Meta-analysis of mindfulness-based treatments

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Meta-analysis of mindfulness-based treatments

Postby Nibbida » Wed Jan 12, 2011 7:21 pm

Here's a recent study that pools together the results from 39 studies involving over 1100 participants. Bottom line is that it's effective for anxiety and depression, which is what was looked at in these studies. When studies are analyzed in a group like this, it shows consistency of results and makes for a more convincing case.

Stefan G. Hofmann, Alice T. Sawyer, Ashley A. Witt, and Diana Oh. The Effect of Mindfulness-Based Therapy on Anxiety and Depression: A Meta-Analytic Review. Journal of Consulting and Clinical Psychology. 2010, Vol. 78, No. 2, 169–183.

http://www.mindfulnessblog.nl/images/pdf/Hofmann_2010_MBT_anxiety_depression_review_metaanalyse.pdf


Nothing we didn't already know, but I like to see the rest of the world catching on.
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Re: Meta-analysis of mindfulness-based treatments

Postby PeterB » Wed Jan 12, 2011 7:29 pm

Good stuff Nibbida :thumbsup:
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Re: Meta-analysis of mindfulness-based treatments

Postby rowyourboat » Wed Jan 12, 2011 10:36 pm

What's missing in mindfulness based treatments?
With Metta

Karuna
Mudita
& Upekkha
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Re: Meta-analysis of mindfulness-based treatments

Postby Ben » Wed Jan 12, 2011 10:46 pm

Excellent! Thanks Nibbida!
Learn this from the waters:
in mountain clefts and chasms,
loud gush the streamlets,
but great rivers flow silently.

Taṃ nadīhi vijānātha:
sobbhesu padaresu ca,
saṇantā yanti kusobbhā,
tuṇhīyanti mahodadhī.

Sutta Nipata 3.725


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Re: Meta-analysis of mindfulness-based treatments

Postby retrofuturist » Wed Jan 12, 2011 11:20 pm

Greetings RYB,

rowyourboat wrote:What's missing in mindfulness based treatments?

From a Dhammic perspective, it's the Right View - that which makes the various aspects of the N8P "right".

However, it's good to see that mindfulness, even without Right View, is beneficial in and of itself.

Metta,
Retro. :)
If you have asked me of the origination of unease, then I shall explain it to you in accordance with my understanding:
Whatever various forms of unease there are in the world, They originate founded in encumbering accumulation. (Pārāyanavagga)


Exalted in mind, just open and clearly aware, the recluse trained in the ways of the sages:
One who is such, calmed and ever mindful, He has no sorrows! -- Udana IV, 7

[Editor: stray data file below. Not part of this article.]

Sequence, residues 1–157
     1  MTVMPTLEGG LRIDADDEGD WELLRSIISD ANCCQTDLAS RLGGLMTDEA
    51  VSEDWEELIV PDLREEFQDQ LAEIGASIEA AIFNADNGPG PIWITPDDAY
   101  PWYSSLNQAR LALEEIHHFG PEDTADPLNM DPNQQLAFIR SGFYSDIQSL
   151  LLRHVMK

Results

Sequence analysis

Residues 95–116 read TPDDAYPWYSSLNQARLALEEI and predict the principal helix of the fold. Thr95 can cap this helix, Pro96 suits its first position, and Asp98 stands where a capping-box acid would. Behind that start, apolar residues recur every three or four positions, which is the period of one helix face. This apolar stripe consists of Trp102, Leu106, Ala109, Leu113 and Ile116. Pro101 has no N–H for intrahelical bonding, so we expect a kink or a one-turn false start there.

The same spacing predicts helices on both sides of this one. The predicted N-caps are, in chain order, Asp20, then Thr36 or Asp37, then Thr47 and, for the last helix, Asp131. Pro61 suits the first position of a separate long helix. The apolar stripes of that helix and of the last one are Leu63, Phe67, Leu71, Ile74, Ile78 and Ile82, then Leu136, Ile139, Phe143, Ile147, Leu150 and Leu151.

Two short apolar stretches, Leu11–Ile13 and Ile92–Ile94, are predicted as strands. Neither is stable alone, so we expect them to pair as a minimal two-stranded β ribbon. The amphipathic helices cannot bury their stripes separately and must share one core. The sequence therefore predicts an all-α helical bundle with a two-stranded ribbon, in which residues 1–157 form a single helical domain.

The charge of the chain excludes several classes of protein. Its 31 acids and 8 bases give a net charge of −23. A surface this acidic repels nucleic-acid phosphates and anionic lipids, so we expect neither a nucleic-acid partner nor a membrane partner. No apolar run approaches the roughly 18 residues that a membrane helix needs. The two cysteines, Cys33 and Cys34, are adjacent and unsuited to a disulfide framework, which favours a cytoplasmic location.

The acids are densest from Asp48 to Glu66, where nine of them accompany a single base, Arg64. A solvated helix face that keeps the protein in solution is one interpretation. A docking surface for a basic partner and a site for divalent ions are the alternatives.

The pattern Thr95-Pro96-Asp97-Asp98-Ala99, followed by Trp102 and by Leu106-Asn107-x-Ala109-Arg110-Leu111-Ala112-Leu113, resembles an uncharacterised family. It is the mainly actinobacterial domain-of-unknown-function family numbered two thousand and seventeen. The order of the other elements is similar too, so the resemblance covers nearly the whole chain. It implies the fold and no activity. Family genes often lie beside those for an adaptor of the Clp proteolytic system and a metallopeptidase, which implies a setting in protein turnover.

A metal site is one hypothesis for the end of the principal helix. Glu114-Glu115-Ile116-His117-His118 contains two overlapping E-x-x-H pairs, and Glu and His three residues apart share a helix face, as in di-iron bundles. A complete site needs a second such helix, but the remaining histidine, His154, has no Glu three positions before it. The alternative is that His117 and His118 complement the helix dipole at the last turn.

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Re: Meta-analysis of mindfulness-based treatments

Postby PeterB » Thu Jan 13, 2011 12:27 am

Mindfulness based treatments are treatments ..not Buddha Dhamma.
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Re: Meta-analysis of mindfulness-based treatments

Postby Nibbida » Thu Jan 13, 2011 3:51 am

I'm hopeful about mindfulness-based treatments for a few reasons. For one thing, more people meditating is generally a good thing. These programs do incorporate many (but not all) aspects of the Dhamma, like not clinging, disidentifying from thoughts, emotions, and sensations (which is a precursor to anatta). A person who does this regularly enough is not guaranteed but more likely to discover many core Buddhist principles. For example, some studies show that when people are just given mindfulness training, it also increases their compassion, even though that was not specifically taught.

A second reason is that a percentage of people who take to this practice are going to look further and will likely look deeper into Buddhism, knowing that that's where mindfulness-based treatments originate. So when thousands upon thousands of people are exposed to this therapy, that's many people who may not have otherwise found their way to Buddhism. Researchers in this field are churning out research to the point where this is taken seriously now, rather than seeming like some new-agey fringe nonsense.

A third point is that many of the researchers and clinicians who do mindfulness based treatment are also Dhamma practitioners. This is an evolving field, so my impression is that people are gradually explicitly incorporating other aspects of the Dhamma as they figure out ways to work them in. For example Paul Gilbert developed Compassion-Focused Therapy. Acceptance and Commitment Therapy is strongly based on emptiness. These psychologists have made a first attempt at incorporating sila into mindfulness therapies:

http://www.ottawamindfulnessclinic.com/documents/5SH.pdf

This article by Shauna Shapiro & B. Allan Wallace integrates many aspects of the Dhamma with contemporary research. It was published in American Psychologist, which is probably the most prestigious psychology journal in the USA:

http://www.sbinstitute.com/mentalbalance.pdf

So no, mindfulness-based therapies are not the full Dhamma.But it's going to be interesting to see how all this progresses.
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Re: Meta-analysis of mindfulness-based treatments

Postby PeterB » Thu Jan 13, 2011 7:45 am

Agreed. The difference is in the respective aims.
Therapy aims to return the subject to normalised functioning.
Buddha Dhamma aims to end normalised functioning, but is best attempted from a position of relative mental health.
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